posted by orthogonality on Sep 20, 2010 - 45 comments

Hey, dude, can I trade my wampum for some PBR?

The latest trend in hipster culture is the appropriation of Native American culture, here seen at San Francisco's recent Bay-to-Breakers race. The participants might ask, but why can't I wear a hipster headdress? Threadbared has a round-up of bloggers' concerns about the appropriation of Native American culture.
posted by desjardins on May 26, 2010 - 241 comments

same time, different channel

Sometimes it's hard for me to conceive that other contemporaneous people on this planet lead lives so dramatically different from my own. What if this or this or this constituted your daily commute? Or if this or this were among the challenges you faced in your daily job? The native people and arctic wildlife galleries offer a glimpse of the past preserved. More wonders at Bryan & Cherry Alexander Photography.
posted by madamjujujive on Mar 5, 2005 - 14 comments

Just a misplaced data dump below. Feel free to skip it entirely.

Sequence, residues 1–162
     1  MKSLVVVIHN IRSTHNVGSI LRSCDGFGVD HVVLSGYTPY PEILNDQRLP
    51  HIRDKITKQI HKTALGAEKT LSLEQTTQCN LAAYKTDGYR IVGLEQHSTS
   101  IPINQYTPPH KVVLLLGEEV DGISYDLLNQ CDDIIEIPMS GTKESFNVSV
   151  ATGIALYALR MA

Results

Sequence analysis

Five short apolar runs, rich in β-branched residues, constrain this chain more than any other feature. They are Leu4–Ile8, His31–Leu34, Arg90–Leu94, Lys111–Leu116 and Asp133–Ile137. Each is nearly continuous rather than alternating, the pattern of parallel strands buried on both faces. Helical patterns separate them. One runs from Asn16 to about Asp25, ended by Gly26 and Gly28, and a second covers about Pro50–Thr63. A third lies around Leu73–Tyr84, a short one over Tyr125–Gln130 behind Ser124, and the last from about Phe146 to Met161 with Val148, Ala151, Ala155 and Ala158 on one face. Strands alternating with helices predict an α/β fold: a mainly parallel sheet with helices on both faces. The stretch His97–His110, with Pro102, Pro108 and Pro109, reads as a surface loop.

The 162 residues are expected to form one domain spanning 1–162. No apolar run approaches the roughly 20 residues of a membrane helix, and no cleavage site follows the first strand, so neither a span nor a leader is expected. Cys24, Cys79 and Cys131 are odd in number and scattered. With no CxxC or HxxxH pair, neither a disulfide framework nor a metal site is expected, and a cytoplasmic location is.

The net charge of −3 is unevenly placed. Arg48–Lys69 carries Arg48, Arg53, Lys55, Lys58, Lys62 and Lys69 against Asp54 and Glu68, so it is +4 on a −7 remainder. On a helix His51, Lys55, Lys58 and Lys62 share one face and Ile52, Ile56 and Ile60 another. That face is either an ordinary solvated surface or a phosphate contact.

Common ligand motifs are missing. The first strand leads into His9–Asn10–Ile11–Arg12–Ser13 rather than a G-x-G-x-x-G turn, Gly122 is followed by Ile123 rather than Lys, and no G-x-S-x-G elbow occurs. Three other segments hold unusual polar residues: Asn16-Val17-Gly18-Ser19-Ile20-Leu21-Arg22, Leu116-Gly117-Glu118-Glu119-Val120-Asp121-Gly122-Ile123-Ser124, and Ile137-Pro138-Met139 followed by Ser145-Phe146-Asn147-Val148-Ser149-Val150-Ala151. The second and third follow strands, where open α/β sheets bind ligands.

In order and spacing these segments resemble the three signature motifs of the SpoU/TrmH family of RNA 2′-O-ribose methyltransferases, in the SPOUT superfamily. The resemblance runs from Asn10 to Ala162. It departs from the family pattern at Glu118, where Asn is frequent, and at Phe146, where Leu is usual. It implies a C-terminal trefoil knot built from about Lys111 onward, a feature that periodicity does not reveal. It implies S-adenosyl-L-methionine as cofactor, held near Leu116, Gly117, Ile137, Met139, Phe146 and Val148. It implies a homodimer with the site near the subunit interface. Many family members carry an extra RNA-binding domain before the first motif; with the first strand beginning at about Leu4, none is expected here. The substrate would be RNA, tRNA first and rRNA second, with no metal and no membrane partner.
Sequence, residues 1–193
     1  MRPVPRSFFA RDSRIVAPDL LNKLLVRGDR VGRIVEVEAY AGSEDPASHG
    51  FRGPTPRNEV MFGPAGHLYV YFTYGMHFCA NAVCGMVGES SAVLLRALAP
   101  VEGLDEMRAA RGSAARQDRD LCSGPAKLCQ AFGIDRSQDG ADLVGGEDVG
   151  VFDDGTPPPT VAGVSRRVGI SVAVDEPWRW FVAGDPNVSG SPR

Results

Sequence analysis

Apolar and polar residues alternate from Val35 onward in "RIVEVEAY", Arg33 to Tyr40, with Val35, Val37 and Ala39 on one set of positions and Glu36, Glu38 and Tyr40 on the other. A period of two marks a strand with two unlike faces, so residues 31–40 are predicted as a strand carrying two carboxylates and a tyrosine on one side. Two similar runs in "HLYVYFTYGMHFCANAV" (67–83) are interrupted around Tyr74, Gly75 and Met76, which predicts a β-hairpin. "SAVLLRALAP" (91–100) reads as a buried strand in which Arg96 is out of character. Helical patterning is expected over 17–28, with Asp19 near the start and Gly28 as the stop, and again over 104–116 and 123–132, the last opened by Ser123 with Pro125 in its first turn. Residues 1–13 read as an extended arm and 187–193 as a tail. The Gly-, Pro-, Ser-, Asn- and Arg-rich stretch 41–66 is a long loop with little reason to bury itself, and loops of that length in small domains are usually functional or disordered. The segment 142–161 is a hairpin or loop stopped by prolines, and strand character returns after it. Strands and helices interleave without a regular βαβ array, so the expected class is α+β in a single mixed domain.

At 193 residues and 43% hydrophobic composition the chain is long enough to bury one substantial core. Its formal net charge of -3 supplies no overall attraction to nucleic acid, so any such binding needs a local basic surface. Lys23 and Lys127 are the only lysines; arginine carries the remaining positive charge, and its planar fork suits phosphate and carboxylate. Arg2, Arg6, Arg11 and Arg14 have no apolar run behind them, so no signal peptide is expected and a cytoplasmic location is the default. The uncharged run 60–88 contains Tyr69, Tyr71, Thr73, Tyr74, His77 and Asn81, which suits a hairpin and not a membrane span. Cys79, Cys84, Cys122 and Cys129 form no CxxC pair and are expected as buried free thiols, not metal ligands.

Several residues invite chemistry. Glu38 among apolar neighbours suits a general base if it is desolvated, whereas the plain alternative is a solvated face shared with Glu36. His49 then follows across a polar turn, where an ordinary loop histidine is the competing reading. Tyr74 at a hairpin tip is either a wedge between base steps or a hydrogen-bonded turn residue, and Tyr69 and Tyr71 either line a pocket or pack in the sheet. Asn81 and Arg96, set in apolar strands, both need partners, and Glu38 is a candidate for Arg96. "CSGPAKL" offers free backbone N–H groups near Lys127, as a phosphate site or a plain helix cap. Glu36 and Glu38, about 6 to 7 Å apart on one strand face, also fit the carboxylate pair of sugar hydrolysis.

Virtual Museums of Canada: Cultural Cornucopia

The Virtual Museum of Canada has funded or collaborated on almost 150 virtual exhibits, mostly relating to Canadian History and Culture. There is great diversity, among my favourites are Nk'Mip Nation Aboriginal Childrens' Art from the Inkameep day school (a welcome counterpoint to the residential schools tragedy), the historic re-photography and soundscapes of Montreal, Haida Culture documented , and also compared to Inuit Culture, Inuit (Eskimo) games and 3-dimensional (VR) sculpture, a history of the Canadian Trucking Industry, a splendid overview of Canadian documentary film making, Canadian design in the late 20th century, and the Shipwrecks of Vancouver Island. There is also a searchable image gallery. The only thing missing is a historical whodunnit or two (or three). All sites available in both French and English, and some in other languages too.
posted by Rumple on Nov 25, 2004 - 17 comments

The art of being Kuna: Molas

The art of being Kuna - the Kuna, an aboriginal people living off the coast of Panama, are perhaps most famous for their colorful fabric panels called molas. The Kuna women wear these embroidered appliques on blouses. The most prized specimens are those that show some sign of wear, such as fading, distress, or stitch marks, indicating authentic and traditional molas rather than ones produced for tourists. If you'd like to try your hand at making a mola, the 5th grade class at Highland Park can show you how.